United Artists Releasing and Orion Pictures have revealed the trailer and poster for Till, opening in select theaters on October 14 and expanding on October 28. From director Chinonye Chukwu (Clemency) comes the true story of Emmett Till and Mamie Till Mobley, and a mother’s fight for justice.
Till will make its world premiere at the 60th New York Film Festival on opening weekend. The 60th New York Film Festival, presented by Film at Lincoln Center, will take place September 30 – October 16, presented by Film at Lincoln Center.
Till is a profoundly emotional and cinematic film about the true story of Mamie Till Mobley’s relentless pursuit of justice for her 14 year old son, Emmett Till, who, in 1955, was lynched while visiting his cousins in Mississippi.
In Mamie’s poignant journey of grief turned to action, we see the universal power of a mother’s ability to change the world. The movie was written by Michael Reilly & Keith Beauchamp and Chinonye Chukwu.
The producers are Keith Beauchamp, Barbara Broccoli, Whoopi Goldberg, Thomas Levine, Michael Reilly and Frederick Zollo. The executive producers include Preston Holmes and Chinonye Chukwu.
“When I was approached to write and direct a story about Emmett Till, I found myself drawn to a singular figure at the center of his orbit. I saw an opportunity to subvert expectations and approach the narrative through another lens – from the maternal point of view of Mamie Till Mobley,” said director Chinonye Chukwu.”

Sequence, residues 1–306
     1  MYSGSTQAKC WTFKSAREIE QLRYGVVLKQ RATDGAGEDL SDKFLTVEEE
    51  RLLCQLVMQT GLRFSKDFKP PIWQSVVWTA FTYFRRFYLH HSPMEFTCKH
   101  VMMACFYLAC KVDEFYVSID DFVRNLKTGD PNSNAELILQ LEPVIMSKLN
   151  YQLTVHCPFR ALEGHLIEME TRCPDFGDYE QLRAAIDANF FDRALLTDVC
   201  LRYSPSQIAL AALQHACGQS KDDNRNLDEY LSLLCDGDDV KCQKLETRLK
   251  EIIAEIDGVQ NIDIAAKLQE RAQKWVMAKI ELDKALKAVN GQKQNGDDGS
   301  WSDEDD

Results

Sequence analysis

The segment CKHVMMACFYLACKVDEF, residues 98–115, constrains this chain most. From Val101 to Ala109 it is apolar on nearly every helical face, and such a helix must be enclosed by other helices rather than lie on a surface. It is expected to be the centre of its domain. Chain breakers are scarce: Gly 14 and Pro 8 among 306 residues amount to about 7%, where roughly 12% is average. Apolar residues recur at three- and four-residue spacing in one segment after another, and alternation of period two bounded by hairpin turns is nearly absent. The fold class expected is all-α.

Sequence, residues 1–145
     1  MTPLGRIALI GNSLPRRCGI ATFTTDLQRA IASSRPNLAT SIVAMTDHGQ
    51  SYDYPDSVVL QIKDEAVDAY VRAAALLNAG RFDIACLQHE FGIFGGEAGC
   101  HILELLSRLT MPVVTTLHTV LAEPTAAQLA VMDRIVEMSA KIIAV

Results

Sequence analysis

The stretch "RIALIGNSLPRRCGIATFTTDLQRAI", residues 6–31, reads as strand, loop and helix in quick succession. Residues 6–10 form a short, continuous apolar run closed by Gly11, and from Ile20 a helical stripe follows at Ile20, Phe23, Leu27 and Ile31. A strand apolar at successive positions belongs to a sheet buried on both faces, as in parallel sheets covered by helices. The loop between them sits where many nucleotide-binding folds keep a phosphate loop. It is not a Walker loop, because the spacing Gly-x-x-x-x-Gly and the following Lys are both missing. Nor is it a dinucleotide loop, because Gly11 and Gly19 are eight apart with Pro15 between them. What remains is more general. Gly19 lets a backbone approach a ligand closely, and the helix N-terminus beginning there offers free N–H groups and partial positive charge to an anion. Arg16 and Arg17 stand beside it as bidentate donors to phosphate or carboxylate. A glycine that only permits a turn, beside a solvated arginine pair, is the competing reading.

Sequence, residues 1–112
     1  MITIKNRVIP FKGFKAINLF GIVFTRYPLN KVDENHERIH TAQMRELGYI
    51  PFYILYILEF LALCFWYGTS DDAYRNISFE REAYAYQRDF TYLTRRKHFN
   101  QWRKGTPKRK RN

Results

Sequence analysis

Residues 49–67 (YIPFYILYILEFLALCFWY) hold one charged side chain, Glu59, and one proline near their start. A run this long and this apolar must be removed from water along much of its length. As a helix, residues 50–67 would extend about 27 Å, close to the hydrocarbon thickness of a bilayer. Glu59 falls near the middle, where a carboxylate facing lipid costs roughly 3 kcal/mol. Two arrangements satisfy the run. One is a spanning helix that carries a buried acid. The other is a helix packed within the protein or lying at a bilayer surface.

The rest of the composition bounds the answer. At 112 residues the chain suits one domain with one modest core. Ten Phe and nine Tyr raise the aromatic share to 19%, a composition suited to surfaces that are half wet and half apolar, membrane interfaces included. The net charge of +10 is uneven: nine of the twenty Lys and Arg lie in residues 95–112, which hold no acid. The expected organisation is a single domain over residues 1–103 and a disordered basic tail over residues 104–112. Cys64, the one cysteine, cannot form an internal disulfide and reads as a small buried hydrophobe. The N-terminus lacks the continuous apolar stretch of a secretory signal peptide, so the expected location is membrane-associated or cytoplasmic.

“Had it not been for Mamie, her son’s memory would have evaporated into thin air. She was the catalyst for a modern day civil rights movement that has laid a formidable framework for future activists and Freedom Fighters. I felt compelled to champion Mamie’s legacy and center her in the spotlight where she rightfully belongs.”
Chukwu continued: “Mamie’s untold story is one of resilience and courage in the face of adversity and unspeakable devastation. For me, the opportunity to focus the film on Mamie, a multi-faceted Black woman, and peel back the layers on this particular chapter in her life, was a tall order I accepted with deep respect and responsibility.
“On the daily, Mamie combatted racism, sexism, and misogyny, which was exponentially heightened in the wake of Emmett’s murder. Mamie did not cower. Instead, she evolved into a warrior for justice who helped me to understand and shape my own similar journey in activism. And as a filmmaker, showing Mamie in all her complex humanity was of utmost importance.
“The crux of this story is not about the traumatic, physical violence inflicted upon Emmett – which is why I refused to depict such brutality in the film – but it is about Mamie’s remarkable journey in the aftermath. She is grounded by the love for her child, for at its core, TILL is a love story.
“Amidst the inherent pain and heartbreak, it was critical for me to ground their affection throughout the film. The cinematic language and tone of TILL was deeply rooted in the balance between loss in the absence of love; the inconsolable grief in the absence of joy; and the embrace of Black life alongside the heart wrenching loss of a child.
“I hope viewers will empathize with the humanities on screen and see our present cultural and political realities within this film.
“And I hope that Mamie’s story helps us all to realize the power within ourselves to continue to fight for the change we want to see in the world, just as she did.”